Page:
SPRAGGETT ON CHESS
I have been busy this past couple of days, Saturday and Sunday, training members of the chess club (AAC) in Coimbra of which I am a member. One of Portugal’s oldest chess clubs, the AAC is in reality a university association of clubs–of which chess is one of its founding members.
My readers might remember that this chess club won the Portuguese Team Championship this past summer in the city of Porto. Much as with the truly international flavour of the university in Coimbra, my team was composed mostly of players from abroad, to be prcise: Polish. However, the AAC also entered teams in the 2nd and 3rd divisions, 100% of which was composed of Portuguese players. These teams serve as ”farm” teams for the 1st division team, atleast in theory.
The actual AAC chess club is open 7-days a week, offering a wide variety of activities such as tournaments and group training. Under the influence of the director of the club–the indefatigable Bruno Pais–the club is open not just to members of the university but also to players of all ages and backgrounds. Ages vary between 10 years old to 70 years old! And sometimes less…
I give training sessions once a month, usually on a weekend. This past weekend I was surprised to see a 5-year old girl attend my beginners training-session! It is quite unusual to see this anywhere, but what can I say: the girl loves to play chess and convinced her mother to bring her to the club! When the class ended, some 3 hours later, the mother had problems to convince her daughter to come home (!), she did not want to leave!
I am not sure what the best age is to introduce a child to chess, but what we see a lot these days is a general trend of the lowering of age with respect to most everything. Somewhere along the food chain we find children reaching master and grandmaster level of play while just entering their teens!
Capablanca (right) learned chess at age 4. Here he is playing his father!
BUT the important thing is that the child enjoys playing. If this is the case, then any age is the right age to start playing. This past weekend made me realize something that I already knew but tend to forget sometimes– that chess is one of the few activities where age is not a determinant factor and as such grandchildren and grandparents can both enjoy and compete with each other.
Chess breaks down all barriers: age, sex, race, social status.
CFC ONLINE MEETINGS A MAJOR TRAVESTY!
Several years ago some bright soul travelled to the annual general meeting (AGM) of the CFC and wondered if it could not all be done on the net rather than face to face. Canada is a big country, after all, and such annual treks cost money that is not re-imbursed by the CFC nor is it tax deductible. He then started to canvas governors and members of the CFC and found that while there was limited support for his idea, the thing that appealed to most is the savings on money and travel.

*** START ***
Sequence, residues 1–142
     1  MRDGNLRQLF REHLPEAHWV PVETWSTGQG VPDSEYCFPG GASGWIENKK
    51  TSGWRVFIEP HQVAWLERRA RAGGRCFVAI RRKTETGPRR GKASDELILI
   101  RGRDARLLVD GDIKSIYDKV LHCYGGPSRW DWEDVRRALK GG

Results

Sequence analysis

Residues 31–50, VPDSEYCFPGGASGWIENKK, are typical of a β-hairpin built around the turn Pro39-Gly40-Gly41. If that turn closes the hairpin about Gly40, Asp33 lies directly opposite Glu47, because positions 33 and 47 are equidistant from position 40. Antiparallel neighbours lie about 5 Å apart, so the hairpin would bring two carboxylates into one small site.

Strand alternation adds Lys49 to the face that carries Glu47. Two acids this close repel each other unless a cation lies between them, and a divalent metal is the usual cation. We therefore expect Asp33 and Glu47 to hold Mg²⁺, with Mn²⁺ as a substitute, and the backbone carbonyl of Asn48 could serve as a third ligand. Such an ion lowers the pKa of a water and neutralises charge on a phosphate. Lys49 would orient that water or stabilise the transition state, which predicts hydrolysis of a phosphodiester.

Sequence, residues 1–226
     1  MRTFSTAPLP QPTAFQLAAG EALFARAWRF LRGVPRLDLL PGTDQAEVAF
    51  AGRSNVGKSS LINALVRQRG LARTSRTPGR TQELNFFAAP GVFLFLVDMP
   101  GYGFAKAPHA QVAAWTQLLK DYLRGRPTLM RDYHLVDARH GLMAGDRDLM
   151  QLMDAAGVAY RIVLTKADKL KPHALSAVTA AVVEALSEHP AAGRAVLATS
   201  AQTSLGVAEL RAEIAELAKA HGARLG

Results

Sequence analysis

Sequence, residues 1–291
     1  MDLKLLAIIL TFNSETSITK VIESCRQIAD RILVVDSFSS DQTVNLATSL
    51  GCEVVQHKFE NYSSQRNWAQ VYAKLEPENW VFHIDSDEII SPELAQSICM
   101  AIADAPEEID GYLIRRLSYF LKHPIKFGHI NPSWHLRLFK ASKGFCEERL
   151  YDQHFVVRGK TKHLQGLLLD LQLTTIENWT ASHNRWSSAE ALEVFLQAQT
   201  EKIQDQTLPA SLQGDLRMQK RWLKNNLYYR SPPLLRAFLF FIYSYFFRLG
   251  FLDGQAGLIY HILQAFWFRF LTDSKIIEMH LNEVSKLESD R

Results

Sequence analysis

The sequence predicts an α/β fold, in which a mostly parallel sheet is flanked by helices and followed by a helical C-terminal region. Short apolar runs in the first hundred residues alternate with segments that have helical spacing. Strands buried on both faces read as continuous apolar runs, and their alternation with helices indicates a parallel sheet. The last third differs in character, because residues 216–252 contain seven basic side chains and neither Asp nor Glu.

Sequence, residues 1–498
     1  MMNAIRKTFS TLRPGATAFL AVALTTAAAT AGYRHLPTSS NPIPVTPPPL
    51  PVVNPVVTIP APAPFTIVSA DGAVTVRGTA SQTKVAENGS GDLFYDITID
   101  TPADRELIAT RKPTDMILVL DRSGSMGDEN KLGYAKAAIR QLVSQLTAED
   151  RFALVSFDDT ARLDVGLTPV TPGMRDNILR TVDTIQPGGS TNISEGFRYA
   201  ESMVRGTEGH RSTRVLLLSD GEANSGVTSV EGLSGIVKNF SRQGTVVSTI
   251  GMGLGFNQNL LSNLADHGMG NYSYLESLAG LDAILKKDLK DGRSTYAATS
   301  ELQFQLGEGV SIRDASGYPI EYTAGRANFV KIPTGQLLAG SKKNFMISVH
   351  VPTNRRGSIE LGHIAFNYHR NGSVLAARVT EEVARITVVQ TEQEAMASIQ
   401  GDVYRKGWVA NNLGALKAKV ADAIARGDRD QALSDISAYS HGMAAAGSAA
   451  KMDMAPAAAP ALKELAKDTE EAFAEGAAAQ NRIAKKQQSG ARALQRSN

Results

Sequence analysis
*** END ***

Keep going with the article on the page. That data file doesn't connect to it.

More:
OFCOURSE, there are obvious alternatives to conducting federation business face to face–such as conference calls— but the problem is that these also cost money and require the simultaneous presence of governors at pre-determined times.
The bright soul thought a bit more on this and then jumped: he found a super low-cost solution that avoided even the conference calls: using an old fashion message board! This idea really took off (how I have no idea) and was soon implemented by the wise men of the CFC, replacing the AGMs that had been taking place annually.
However, there was a little problem that soon became evident…
Posting on a message board is a lot like sending out company memos to all of its employees and then hoping that someone will actually take them serious enough to reply and then send out their own memo(s)….soon–if you are lucky– you even start to feel you need an anti-spam program!
Sometimes a memo is just too one-dimensional and not nearly sophisticated enough to tackle important issues. AS A RESULT, the level of problem-solving in the online meetings of the CFC has been lower than the face to face AGMs. I was shocked by what I saw when I started following how things were going (I am not a governor).
Case in point is the latest online meeting that started sometime last week and ends tonight. Two very tough and important issues were under consideration: the first being what to do with the failing CFC ezine and the second was (even more important) to dismantle the current governorship of the CFC and replace it with a permanent 9-member board of directors.
The first issue neglected any input from what the actual CFC membership thought on the subject, nor did it consider all of the valid alternatives, while the second issue was not properly presented and–more over– the movers tried to cut-short any real discussion by quickly shoving it down the governors’ throats (or ramming it up their ass, depending on your point of view) and insisting that the issue be decided immediately.
Some governors suggested tabling the issue pending more time to consider the consequences involved in the issue, but this was shot down by the CFC president. Another governor thought that this process was lacking in democratic principles, and he was ignored by everybody, including the prez.
ANOTHER shortcoming, and one that is incredible in my opinion, is that when the time came to actually vote on these issues (the governors were given several days for this) the movers of the motions were still allowed to post messages , trying to influence voters!
AND IF THAT IS NOT ENOUGH, as the voting took place the undecided voters could follow the EXACT count of votes that had already been cast up to that moment!
Click on to enlarge
I mean, really, if the United Nations were to have witnessed such a practice in some hotspot in the third world, then the entire election would have been labelled a travesty. A fraud, even, and there would have been calls for invalidating the entire process.
And they would have been right…
SPRAGGETT ON CHESS